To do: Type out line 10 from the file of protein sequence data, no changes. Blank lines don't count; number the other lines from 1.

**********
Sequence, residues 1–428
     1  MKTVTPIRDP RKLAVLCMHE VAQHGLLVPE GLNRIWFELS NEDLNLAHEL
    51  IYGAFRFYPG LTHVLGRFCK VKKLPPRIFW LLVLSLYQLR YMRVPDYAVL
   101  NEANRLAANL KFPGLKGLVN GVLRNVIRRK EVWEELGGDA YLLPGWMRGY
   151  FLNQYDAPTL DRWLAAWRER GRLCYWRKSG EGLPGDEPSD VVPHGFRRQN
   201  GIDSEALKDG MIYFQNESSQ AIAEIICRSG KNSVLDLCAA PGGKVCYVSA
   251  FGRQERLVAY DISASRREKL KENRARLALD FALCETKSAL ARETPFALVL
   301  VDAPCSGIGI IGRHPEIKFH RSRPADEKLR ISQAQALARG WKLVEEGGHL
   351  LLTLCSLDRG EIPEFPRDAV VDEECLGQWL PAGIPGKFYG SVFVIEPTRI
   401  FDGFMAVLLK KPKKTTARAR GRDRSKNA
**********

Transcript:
   401  FDGFMAVLLK KPKKTTARAR GRDRSKNA